Love Actually
review by Dan Lybarger, 7 November 2003

Screenwriter Richard Curtis has given Hugh Grant some of his best roles in flicks like Four Weddings and a Funeral, Notting Hill and Bridget Jones's Diary, but these movies also featured some juicy supporting turns from performers like Rowan Atkinson, Kristen Scott-Thomas and Rhys Ifans, whose screen time seemed unduly short. At times a viewer wondered if Curtis had spent as much time fine tuning the minor characters as he had the principals.

With Love Actually, Curtis, making his directorial debut, declines to center the film around anyone, and the results are generally satisfying. Thereís a gushy, syrupy romanticism that runs throughout the film, but Curtis manages to temper it with sharp dialog and abundant laughter.

The film gets off to a rather inauspicious start as Hugh Grant drones in a long pointless voiceover that accompanies shots of people hugging at the airport. Fortunately, the rest of this look at love and rejection over the Christmas holiday quickly kicks into gear when we spot a recording session where the long burned-out British pop star Billy Mack (Bill Nighy) is trying to revive his career with a Yuletide reworking of "Love Is All Around."

Billy clearly hates the gig and resents the fact that his jingle is in competition with a boy bandís carol for a national prize. Curiously, his obnoxious, indifferent behavior during interviews actually makes the tune more popular, aggravating Billyís malaise.

While all that is going on the UKís new Prime Minister (Hugh Grant) is the only bachelor to take the office in some time and has trouble focusing on a meeting with the American President (youíll love who Curtis elected for the Oval Office) because heís beginning to fancy a young, somewhat insecure staffer (Martine McCutcheon).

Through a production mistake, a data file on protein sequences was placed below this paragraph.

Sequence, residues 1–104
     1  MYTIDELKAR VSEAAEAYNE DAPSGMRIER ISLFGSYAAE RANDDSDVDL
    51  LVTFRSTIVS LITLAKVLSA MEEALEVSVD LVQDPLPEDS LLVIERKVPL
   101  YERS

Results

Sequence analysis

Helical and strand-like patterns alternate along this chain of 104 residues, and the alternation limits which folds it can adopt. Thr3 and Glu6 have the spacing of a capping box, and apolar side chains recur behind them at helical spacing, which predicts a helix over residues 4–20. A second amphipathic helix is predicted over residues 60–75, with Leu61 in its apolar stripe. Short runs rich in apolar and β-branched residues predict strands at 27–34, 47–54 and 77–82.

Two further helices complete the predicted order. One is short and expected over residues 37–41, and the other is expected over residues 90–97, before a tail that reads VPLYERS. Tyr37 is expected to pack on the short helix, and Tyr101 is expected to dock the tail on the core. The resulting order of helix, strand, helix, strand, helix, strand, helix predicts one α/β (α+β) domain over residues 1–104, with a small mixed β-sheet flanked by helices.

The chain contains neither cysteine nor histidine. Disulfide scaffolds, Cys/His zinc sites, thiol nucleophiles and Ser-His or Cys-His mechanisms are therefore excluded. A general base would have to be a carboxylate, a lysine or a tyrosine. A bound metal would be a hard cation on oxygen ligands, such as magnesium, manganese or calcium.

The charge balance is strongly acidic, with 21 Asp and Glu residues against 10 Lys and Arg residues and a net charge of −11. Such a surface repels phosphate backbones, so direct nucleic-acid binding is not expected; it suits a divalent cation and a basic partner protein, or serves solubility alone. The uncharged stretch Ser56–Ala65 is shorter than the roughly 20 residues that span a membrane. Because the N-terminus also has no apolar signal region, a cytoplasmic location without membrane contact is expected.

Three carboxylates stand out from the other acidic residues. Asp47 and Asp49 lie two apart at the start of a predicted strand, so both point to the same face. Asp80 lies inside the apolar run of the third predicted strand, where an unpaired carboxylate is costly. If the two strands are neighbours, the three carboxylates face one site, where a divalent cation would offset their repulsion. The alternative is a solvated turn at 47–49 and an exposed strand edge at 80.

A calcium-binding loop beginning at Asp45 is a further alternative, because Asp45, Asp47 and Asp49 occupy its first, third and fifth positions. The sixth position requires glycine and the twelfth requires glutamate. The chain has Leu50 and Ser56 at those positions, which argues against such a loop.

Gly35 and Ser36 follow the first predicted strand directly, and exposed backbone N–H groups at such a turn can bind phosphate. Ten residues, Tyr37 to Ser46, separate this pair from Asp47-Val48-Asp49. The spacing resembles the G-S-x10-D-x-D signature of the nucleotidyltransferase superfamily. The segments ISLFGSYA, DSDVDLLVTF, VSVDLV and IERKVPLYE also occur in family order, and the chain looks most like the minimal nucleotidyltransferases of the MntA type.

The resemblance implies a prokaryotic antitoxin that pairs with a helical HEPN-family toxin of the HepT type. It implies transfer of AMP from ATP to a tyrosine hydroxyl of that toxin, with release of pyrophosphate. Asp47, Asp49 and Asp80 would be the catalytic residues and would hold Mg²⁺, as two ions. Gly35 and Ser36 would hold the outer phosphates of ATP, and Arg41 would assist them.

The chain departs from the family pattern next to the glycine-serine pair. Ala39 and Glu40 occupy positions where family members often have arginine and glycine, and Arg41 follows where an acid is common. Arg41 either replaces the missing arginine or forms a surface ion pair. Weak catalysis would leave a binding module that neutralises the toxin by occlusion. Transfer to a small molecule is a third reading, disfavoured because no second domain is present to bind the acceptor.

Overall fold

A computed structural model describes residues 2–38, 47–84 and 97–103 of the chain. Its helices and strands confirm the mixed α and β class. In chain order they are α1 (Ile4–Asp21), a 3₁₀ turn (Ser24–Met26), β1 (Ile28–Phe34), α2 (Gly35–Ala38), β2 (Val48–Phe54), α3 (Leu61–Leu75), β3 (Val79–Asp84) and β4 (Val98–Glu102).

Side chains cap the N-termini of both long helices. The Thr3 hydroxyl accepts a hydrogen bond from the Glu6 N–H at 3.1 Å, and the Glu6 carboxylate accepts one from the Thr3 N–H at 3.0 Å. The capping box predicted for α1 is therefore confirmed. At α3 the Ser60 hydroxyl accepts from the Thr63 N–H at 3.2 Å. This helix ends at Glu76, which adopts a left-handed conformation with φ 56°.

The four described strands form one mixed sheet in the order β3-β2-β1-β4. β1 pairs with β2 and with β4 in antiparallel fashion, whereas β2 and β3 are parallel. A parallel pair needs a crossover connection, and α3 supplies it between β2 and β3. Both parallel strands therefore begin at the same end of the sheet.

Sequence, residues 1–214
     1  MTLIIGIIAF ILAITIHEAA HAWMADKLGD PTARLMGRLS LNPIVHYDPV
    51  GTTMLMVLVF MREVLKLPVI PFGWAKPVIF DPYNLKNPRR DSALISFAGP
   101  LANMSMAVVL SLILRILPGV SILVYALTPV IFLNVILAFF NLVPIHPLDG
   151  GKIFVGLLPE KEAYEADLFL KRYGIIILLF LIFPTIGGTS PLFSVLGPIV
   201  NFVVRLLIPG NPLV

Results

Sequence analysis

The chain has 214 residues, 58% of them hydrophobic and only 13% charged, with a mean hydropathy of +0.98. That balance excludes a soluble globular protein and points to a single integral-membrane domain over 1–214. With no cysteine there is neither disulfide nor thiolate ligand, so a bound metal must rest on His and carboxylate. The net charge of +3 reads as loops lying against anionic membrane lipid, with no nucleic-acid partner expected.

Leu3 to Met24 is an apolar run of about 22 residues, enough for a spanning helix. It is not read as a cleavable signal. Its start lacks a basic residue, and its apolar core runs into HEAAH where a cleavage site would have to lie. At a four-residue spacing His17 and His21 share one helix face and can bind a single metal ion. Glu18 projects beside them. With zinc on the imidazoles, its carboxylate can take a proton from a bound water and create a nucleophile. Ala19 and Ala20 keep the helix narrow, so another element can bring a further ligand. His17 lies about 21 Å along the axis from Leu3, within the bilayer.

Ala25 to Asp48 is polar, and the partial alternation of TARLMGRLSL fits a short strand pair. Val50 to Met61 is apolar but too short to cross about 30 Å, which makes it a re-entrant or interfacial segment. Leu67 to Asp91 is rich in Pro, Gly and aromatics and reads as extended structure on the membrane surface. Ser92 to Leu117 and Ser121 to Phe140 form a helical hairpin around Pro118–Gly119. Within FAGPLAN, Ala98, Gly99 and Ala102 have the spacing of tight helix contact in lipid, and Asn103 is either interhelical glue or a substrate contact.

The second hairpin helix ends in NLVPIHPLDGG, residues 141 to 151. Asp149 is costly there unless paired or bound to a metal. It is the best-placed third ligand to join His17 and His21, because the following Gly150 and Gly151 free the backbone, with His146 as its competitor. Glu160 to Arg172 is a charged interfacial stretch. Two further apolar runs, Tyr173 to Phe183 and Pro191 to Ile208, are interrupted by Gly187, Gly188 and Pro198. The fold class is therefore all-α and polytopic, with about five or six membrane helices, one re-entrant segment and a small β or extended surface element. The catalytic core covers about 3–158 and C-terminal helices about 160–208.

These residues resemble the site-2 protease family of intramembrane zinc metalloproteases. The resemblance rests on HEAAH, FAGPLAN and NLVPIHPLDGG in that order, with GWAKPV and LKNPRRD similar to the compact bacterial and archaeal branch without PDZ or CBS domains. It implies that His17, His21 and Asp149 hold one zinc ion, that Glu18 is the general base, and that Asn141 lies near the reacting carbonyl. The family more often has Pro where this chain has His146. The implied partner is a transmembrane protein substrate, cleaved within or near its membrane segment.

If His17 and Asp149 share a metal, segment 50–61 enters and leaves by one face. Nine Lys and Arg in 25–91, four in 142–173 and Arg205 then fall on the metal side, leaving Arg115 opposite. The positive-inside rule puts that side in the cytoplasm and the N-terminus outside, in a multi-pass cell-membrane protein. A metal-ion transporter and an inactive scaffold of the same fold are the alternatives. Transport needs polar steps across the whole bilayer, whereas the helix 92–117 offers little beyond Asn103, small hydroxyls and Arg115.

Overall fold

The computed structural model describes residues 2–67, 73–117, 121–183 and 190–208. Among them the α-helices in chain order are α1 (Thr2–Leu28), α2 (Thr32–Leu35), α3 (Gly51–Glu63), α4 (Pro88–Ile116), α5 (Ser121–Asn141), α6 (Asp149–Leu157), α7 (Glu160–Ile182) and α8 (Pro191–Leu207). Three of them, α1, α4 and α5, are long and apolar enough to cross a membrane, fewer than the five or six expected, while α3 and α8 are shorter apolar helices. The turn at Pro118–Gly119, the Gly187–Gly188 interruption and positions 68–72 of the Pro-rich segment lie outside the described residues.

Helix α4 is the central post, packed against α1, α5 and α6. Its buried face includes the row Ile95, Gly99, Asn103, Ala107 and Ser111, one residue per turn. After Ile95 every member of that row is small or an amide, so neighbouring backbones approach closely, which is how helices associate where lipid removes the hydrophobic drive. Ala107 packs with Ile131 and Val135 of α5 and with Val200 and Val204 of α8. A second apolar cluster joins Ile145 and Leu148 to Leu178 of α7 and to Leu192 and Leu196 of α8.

Meanwhile, his sister Karen (Emma Thompson) is beginning to think her husband (Alan Rickman) has been straying with a flirtatious employee at his office. One of his coworkers Sarah (Laura Linney) is finally getting the nerve to pursue a fellow employee who has her pining, and Karenís recently-widowed friend Daniel (Liam Neeson) tries to guide his 12-year-old son through his first big crush. Thereís also a subplot involving a cuckolded writer (Colin Firth) and his simmering crush he develops on his Portuguese housekeeper (Lucia Moniz) even though neither speaks the otherís language.

The omnipresent Kiera Knightley (and thatís a problem because?) even shows up as a bride whose husbandís pal Mark (Andrew Lincoln) seems to have a fondness for either her or her betrothed (Chiwetel Ejiofor, Dirty Pretty Things). Thereís even a sweet young couple who meet over innocent conversation, while filming a porno.

This is actually a partial listing of the plots and plotlets that run throughout Love Actually. Towards the end this does get to be a bit of a problem because some of the stories end up abruptly resolved or not at all. Right when one situation becomes intriguing Curtis develops Attention Deficit Disorder and shifts focus.

Fortunately, the cast and Curitsí eye for absurdly comic situations wins out. Grantís droll delivery, as usual, is a perfect vehicle for Curtisí wisecracks. The standout of the bunch is Nighy, whose bitterness gives the film a bite it desperately needs. Thereís something oddly appealing about the way Billy Mack is so unrepentant about his sordid life ("Donít buy drugs. Become a pop star, and theyíll give them to you for free"). Itís a nice counter-balance to the rest of the film.

Curtis used to write for the wonderfully cynical British TV shows Blackadder and Mr. Bean (Atkinson has an amusing cameo here), so itís nice to see that his recent specialization in romance hasnít completely wiped the scowl off his face.

Written and
Directed by:

Richard Curtis

Bill Nighy
Gregor Fisher
Rory MacGregor
Colin Firth
Sienna Guillory
Liam Neeson
Emma Thompson
Lulu Popplewell
Kris Marshall
Heike Makatsch
Martin Freeman
Joanna Page
Chiwetel Ejiofor
Andrew Lincoln
Keira Knightley

R - Restricted.
Under 17 requires
parent or adult






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